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Plastic bags make our lives easier. It’s as simple as that. We go to the store and we’re holding at least 20 different odd shaped items in our arms, plastic bags provide a solution. They’re cheap to produce and highly versatile, but while these bags make our lives easier in the short-term, in the long-term they do the exact opposite.

You see, plastic bags never just go away. If they don’t end up stockpiled in a cabinet under your sink, they’re getting stuck on trees, dumped in landfills or washed into the ocean. When they make their way into the environment they wreak havoc on wildlife who don’t know that plastic is inedible. This causes animals to experience gastrointestinal problems, develop reproductive issues, and even suffocate. Plastic pollution can be passed up the food chain and cause harm to other animals (or even humans). As bags break down they also leach harmful compounds, like BPA into the soil, water and air.

Plastic bags are also petroleum based. An estimated 12 million barrels of oil are used every year, just to make plastic bags in the U.S. The average person throws out 10 plastic bags a week, meaning in an individual throws out 520 bags a year. You can drive your car for 60 miles with the same amount of oil that it used to make those 520 bags.

So we know that we should bring cloth or reusable bags with us when check out at grocery store, but there are many other places where plastic bags show up that we don’t even think about. In an effort to make us all just a little more conscious of our consumption habits, here are a few other places we should be on the look to for mindless plastic bag use.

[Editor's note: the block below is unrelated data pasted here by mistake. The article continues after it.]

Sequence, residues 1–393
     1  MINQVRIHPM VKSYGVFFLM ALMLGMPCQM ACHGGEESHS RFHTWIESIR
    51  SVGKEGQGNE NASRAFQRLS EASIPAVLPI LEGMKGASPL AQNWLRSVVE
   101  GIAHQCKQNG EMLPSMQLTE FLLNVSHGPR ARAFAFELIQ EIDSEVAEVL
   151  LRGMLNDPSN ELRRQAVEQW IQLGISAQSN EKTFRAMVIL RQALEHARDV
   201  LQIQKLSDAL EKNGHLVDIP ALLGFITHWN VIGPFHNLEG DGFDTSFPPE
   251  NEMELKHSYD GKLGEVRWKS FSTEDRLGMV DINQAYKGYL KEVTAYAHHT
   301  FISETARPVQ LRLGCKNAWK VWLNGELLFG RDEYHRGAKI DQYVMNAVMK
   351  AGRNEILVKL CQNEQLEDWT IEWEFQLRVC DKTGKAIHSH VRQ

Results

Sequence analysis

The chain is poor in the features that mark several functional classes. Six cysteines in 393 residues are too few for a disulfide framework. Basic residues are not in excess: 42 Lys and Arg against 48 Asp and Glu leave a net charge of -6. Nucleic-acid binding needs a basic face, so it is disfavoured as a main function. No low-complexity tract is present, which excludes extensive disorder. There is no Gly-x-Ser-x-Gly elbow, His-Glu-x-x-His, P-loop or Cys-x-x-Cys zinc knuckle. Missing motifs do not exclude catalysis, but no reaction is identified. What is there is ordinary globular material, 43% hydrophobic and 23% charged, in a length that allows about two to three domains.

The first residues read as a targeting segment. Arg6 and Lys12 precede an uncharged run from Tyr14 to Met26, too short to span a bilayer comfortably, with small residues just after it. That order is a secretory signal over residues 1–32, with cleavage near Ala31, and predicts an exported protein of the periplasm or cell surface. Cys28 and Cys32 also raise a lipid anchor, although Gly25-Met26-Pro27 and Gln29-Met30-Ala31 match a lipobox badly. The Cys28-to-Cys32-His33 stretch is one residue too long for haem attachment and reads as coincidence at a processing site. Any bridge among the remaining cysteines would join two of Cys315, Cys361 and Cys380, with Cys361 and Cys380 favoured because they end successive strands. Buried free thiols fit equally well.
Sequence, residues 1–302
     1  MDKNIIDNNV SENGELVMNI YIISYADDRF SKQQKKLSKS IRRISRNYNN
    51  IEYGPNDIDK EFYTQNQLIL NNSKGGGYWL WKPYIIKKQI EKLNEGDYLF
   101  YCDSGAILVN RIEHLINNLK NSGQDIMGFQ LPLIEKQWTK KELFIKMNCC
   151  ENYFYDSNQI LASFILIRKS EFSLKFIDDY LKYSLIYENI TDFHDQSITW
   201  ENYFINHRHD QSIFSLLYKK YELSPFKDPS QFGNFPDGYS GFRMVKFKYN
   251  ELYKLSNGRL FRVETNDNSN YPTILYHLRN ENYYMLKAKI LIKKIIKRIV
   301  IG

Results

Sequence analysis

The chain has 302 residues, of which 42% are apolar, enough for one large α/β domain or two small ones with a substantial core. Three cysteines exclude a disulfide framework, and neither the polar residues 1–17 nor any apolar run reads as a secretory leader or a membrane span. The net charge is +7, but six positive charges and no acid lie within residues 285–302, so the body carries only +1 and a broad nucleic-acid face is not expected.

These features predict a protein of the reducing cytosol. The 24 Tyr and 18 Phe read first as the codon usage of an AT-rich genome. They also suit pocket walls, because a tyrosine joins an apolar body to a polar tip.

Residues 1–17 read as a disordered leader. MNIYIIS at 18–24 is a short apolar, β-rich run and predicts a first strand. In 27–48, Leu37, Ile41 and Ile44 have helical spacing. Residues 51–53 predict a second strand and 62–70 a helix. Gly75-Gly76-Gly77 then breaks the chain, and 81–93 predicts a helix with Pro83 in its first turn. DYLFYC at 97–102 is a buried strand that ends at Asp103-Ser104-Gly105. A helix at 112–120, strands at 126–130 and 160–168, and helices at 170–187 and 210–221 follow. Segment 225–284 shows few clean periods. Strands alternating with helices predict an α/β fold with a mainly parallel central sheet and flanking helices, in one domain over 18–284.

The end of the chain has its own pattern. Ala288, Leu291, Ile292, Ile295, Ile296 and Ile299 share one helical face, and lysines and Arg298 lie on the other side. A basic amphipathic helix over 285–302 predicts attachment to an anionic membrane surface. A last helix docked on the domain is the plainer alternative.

1. Retail Stores

When you go to purchase pretty much anything, unless it comes in a cardboard box, chances are you will be handed a plastic bag at the check out counter (some places will even put the cardboard box in a plastic bag). When you’re out clothes shopping, every different store you purchase something from will give you a separate bag. Besides being a clever way to market brands, there is really no logical need to put three shirts in three separate bags. And this phenomenon is not exclusive to shopping for clothes, think about going to a book store, electronic store, or drug store – common denominator: plastic bags.

Avoiding plastic in all of these cases just requires some simple advance planning. Make an investment in a light-weight reusable tote bag that can fit in your pocket or purse, making it easy to have a reusable alternative wherever life takes you. Check out Baggu for some great options. Really any reusable bag that folds up and is easy to carry with you will do the trick.

2. Produce and Bulk Good Bags

Bringing a reusable bag to hold all of your groceries has become a relatively standard practice, but we still use the small plastic bags available in the produce and bulk goods sections of the grocery store. You might save yourself a few big plastic bags, however you still wind up stuck with five or more small ones. Not ideal.

One problem people face when switching over from disposable to reusable in this case is separating out different fruits and vegetables or dry bulk items when they get to the register. An easy way to avoid having to make the cashier dump all your items onto the scale – is planning ahead. If you know what vegetables, fruit and bulk items you’re buying you can plan accordingly and bring different reusable bags for each. Flip & Tumble makes produce bags that come with different color tags to help you differentiate items. You can also label bags for items you buy regularly. And just to be sure, always carry a few extra bags in case you’re hungry when shopping and end up buying something you hadn’t planned too (we all do it).